And the head of the BSA/Triumph company was thinking they needed OHC motors to catch the modern Japanese advances.
 

Brooking 850

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Alan L , if you are not to keen to pull the motor apart, invest in a good ignition system, check your mechanical and ignition timing and a new set of Amal Premiers ( colour or Dyno tuned) or flat slide after market carbs will work wonders initially, as the protractor in the primary case can be out a few degrees as found by most of us and old Amals are not the best .
Taking into account your motor is in very good condition and you want to keep the price down, and are ok to take the head off (please tell the forum what model it is ie RH10) get a good head and Vv job as all power and torque is in the head. Sure bigger cams, bigger CC's and bigger compression will help (see expensive) but a very good clean up in the head will work wonders, especially in the intake tract and even with the stock cam these motors pull very strong.
Regards Mike
 
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The main thing to to is eradicate anything impedeing performance .Thus ensure all the chain wheel alignment is good .
Ensureing the gearbox is top line and secure . If you cant handle the basic gearbox , steer clear of interfearing with the engine etc .

I regard the intakes manifolds as the biggest ' baulk ' to free breathing / running .
You cant regard anything with that wall length differance , top to bottom , as other than ' kinked ' . ensureing a degree of tumbling / stalling , at times .
A free curve / radius , through from the head to near level - with the carbs up against the frame gusset , gets a far more uninterupted tract .

The 72 JPS F-750 ran semi downdraft GPs at times . good for 155 mph . There was a 5600 or 5800 ' continuous ' rateing , in the Poore Era .
Tecnically the oil capacity is sup par . 3/4 Imp. Gallon with 1/4 breather space . I.E. ONE GALLON TANK . but use say your Std. amount for short trips ,
Full for touring / Summer use . And Racing .

The Oil Tube post 70 Triumphs , were a bit the same . a oil cooler adds capacity . But theres a ' ratcheting ' heating / cooling oil - continuously , thats bad for it .
So a thermo thingo helps .

18 in rear wheel will get better rubber . T.C. was a 16 in fan , for 5.00 16 tyres . But some might say he was heavy on the throttle .

So its mainly fettling it to get it all functioning top line . Like a better maintained Top Line fighter aircraft . An hours polishing should be worth a few m.p.h. ;)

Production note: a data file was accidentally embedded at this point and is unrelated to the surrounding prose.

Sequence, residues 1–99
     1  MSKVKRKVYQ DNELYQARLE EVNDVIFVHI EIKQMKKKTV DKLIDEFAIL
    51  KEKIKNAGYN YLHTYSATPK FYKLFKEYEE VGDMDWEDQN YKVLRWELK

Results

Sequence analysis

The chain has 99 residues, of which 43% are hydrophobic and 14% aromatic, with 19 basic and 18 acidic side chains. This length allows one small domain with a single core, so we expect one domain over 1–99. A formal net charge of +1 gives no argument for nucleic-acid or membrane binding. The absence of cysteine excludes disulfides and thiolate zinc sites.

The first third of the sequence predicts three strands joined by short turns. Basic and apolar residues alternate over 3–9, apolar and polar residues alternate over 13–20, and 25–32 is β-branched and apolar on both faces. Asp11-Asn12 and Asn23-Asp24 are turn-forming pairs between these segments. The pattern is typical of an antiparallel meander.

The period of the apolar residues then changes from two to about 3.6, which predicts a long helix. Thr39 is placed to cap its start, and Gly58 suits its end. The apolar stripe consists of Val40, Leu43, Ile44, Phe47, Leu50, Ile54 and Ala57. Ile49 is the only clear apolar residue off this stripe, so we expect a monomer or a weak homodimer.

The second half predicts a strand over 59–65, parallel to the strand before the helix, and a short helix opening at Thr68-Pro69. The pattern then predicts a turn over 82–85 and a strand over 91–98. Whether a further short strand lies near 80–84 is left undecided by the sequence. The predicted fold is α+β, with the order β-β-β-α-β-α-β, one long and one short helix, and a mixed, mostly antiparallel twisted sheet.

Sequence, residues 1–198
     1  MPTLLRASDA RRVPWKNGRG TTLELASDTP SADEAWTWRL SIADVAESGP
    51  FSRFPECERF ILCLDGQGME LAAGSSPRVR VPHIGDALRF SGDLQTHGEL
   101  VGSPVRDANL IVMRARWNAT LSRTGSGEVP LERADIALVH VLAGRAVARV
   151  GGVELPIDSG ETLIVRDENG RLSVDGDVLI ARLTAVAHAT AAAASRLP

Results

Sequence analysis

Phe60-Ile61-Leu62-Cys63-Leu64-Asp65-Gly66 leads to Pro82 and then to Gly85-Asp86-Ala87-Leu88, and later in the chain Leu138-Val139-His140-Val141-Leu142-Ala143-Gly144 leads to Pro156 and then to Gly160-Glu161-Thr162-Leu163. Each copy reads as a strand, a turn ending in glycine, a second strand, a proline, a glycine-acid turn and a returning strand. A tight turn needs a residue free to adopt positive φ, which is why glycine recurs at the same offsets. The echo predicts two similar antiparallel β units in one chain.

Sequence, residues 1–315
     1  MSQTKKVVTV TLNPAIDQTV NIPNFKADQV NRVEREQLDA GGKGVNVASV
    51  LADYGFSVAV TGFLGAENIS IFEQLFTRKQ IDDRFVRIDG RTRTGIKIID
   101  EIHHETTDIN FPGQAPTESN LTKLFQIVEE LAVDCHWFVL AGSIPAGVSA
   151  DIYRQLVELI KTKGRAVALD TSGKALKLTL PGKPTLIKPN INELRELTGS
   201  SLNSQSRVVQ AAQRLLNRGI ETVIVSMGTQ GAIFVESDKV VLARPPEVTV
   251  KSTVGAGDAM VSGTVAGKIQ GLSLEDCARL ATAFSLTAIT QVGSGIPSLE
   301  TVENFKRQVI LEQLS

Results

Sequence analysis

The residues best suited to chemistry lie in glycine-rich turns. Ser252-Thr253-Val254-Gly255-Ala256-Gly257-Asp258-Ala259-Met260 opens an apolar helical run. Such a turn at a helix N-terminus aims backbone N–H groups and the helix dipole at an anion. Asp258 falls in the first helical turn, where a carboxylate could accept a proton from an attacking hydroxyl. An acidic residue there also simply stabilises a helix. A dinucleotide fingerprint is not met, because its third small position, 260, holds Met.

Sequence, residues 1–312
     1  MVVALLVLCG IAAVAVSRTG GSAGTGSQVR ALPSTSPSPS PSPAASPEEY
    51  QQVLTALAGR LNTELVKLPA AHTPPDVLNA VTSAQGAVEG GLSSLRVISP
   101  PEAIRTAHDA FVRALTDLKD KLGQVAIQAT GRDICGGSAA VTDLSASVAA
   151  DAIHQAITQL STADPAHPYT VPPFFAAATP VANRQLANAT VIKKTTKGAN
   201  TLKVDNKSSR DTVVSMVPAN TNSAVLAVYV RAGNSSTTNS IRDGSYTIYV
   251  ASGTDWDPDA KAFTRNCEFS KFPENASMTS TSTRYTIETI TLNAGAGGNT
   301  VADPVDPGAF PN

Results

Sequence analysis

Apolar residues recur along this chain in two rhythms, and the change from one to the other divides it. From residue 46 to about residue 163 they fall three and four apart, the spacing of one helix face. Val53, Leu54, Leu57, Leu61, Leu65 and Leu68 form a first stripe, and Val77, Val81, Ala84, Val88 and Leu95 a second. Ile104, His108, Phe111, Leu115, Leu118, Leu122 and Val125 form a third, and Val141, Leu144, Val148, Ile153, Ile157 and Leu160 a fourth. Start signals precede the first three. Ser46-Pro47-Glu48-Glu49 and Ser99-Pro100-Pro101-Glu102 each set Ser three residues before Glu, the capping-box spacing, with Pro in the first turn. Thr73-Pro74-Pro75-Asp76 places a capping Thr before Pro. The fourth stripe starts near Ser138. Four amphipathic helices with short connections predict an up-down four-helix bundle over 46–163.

Fast Eddie

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There is a lot of A-B flow testing of various heads here, including mine. I think there is even some dyno info buried I here too.

Settle in with a cuppa/pint/high ball...

Edit: forgot the link. I guess that's what happens whwn you mix Cabernet+Codeine.

My heads in that thread too. Showing before and after flow and velocity numbers plus corresponding before and after Dyno numbers. Bottom line was a 9bhp increase.
 
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The Kawasaki was light, as was the Commando.

In 1970 BSA were testing what would be the works 750 3 I expect against the power graph of an A65 twin with A10 crank and almost matching it. The twin had 78hp @ 7,000 at the crank. They were revving the 3 to 9,500 and still shy. And even a hot 650 A65 was beating it to 5,500rpm. The biking world would have been different if only the 3 cylinders were based on the A65. Thunderbolts have 27mm ports like the triple except they flow 108cfm each. If they used the Spitfire cam, same bore, short stroke for a 750cc, pushrods inside, with the oil, the motorcycling world would have been a different place. On the mildest hp calculator that flow would enable 77hp.

With A65 stroke and '71 porting for a 981 triple 87hp and massive torque would have decimated the Z1 with technology they had, and those heads can be made to flow enough for that to be around 120hp in a race motor with fierce mid range. Yet they chose a 500 Triumph base with ports crowded with head studs, as if BSAs development didn't exist. And no less than 4 external pushrod tubes and separate rocker boxes to leak oil which were so unnecessary, as was all the complex crank cases with the expense and time intensive assembly.

And the head of the BSA/Triumph company was thinking they needed OHC motors to catch the modern Japanese advances.
and they made a SOHC prototype and it didn’t do much different, apparently due to inherent inlet restrictions.
 
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Airflow makes a vast difference, and there are people on here that achieve that with Norton heads. Does anyone have dyno comparisons for bikes modified this way? This is an old graph from 69 or 70 with rwhp of the superbikes of the day.

The Triumph is the exact same spec as the Rocket 3 but obviously working well. It's interesting as these are stock bikes and Honda were claiming the highest by around 7hp and both the R3 and Trident are above what their makers claimed if you convert rear wheel to engine hp. Which is no way to sell motorbikes. Generally they claimed the best they got from an engine. This shows how test bikes compared.
Which magazine did this come from Mark? The 1970 Cycle shootout test perhaps?